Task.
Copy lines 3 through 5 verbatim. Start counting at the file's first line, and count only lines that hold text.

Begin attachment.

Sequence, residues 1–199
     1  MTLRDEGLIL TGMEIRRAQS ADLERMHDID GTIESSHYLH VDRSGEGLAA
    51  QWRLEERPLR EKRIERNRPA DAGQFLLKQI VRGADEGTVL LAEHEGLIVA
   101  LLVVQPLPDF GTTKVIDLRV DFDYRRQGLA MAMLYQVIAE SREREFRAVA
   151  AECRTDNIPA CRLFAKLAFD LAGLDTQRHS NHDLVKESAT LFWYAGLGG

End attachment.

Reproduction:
    51  QWRLEERPLR EKRIERNRPA DAGQFLLKQI VRGADEGTVL LAEHEGLIVA
   101  LLVVQPLPDF GTTKVIDLRV DFDYRRQGLA MAMLYQVIAE SREREFRAVA
   151  AECRTDNIPA CRLFAKLAFD LAGLDTQRHS NHDLVKESAT LFWYAGLGG